RSS feed Get our RSS feed

News by Topic

BizReport : Search Marketing : April 10, 2007

Yahoo search ad descriptions to be shortened

From June this year, Yahoo will be setting a new cut-off point for the number of characters allowed in its search ad descriptions. Yahoo currently allows an ad entry with a maximum of 190 characters per ad, but this will be more than halved to 70 characters.

by Helen Leggatt

The move, says Yahoo in its blog, is to promote better ad copy which will perform better for advertisers, attracting more enthusiastic customers, and give users an improved experience.

As part of the move to more succinct ad text, a short description will be compulsory as from May, 2007. At present advertisers can choose between either a long or short entry, or both.

However, from June onwards, all Yahoo ads will be truncated to just 70 characters, with the cut-off point occurring at the end of the nearest word to 70 characters.

Advertisers are urged to revise their ad copy in line with the shorter character allowance to ensure the performance of their ads, and their ranking, isn’t compromised by a valuable advertising message being cut off in its prime.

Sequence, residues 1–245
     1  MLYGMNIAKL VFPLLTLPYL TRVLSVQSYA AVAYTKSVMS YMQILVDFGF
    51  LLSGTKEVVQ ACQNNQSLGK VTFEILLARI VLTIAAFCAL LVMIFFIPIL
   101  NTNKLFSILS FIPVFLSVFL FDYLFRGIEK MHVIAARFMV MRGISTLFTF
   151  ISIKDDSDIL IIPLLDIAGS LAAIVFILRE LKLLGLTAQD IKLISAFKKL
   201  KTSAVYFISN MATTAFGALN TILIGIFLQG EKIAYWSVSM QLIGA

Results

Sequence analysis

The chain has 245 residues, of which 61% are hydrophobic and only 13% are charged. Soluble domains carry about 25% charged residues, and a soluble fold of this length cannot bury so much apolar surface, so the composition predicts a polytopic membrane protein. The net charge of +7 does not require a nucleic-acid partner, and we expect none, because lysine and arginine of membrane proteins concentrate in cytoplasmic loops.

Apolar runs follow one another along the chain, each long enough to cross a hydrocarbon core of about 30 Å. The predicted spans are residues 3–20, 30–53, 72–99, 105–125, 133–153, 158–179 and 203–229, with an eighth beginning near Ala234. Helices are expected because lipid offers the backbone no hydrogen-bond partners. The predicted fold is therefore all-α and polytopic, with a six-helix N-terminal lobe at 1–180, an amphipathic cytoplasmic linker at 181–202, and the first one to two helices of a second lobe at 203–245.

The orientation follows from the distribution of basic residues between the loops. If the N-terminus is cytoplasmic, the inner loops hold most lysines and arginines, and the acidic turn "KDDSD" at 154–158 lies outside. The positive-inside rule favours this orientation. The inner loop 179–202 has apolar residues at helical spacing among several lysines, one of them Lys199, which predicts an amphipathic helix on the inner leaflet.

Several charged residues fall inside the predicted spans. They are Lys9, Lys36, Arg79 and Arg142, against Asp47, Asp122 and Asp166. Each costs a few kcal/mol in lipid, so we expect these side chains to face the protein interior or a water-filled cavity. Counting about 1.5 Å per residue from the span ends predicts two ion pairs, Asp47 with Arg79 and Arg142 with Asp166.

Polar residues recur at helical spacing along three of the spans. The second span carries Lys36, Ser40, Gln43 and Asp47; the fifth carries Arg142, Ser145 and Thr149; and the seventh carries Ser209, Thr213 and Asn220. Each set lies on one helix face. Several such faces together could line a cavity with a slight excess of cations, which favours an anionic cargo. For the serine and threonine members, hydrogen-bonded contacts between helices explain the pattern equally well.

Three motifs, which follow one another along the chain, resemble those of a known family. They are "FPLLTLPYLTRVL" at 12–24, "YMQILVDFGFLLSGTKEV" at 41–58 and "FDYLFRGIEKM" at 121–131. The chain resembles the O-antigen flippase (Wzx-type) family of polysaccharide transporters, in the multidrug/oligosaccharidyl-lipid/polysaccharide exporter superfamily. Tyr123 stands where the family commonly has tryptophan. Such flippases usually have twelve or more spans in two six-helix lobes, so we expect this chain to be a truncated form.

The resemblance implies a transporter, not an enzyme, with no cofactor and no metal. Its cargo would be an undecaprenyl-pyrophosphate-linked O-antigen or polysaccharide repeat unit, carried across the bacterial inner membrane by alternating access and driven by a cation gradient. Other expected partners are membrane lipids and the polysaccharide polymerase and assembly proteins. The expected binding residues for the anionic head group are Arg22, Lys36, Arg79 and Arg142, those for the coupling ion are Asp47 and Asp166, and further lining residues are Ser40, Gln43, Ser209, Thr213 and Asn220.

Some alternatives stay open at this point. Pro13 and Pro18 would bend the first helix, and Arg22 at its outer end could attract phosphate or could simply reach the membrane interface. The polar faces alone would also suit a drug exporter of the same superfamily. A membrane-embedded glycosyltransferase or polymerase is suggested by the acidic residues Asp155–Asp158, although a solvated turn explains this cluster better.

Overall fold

It should also be noted that Yahoo will still require punctuation at the end of a description, and this counts towards the character count. If no punctuation, such as a period, question mark or exclamation point is present a period will automatically be added. "We have found that users perceive descriptions with complete sentences as more trustworthy and are more likely to purchase from a client that they associate with quality," comments a Yahoo manager on the blog.

Ad title length won’t be affected, remaining at 40 characters, but Yahoo’s blog also makes reference to a proposed shortening of display URL’s to 35 characters.

Tags: search advertising

Subscribe to BizReport



Copyright © 1999- BizReport. All rights reserved.
Republication or redistribution of BizReport content is expressly prohibited without the prior written consent.
BizReport shall not be liable for any errors in the content, or for any actions taken in reliance thereon.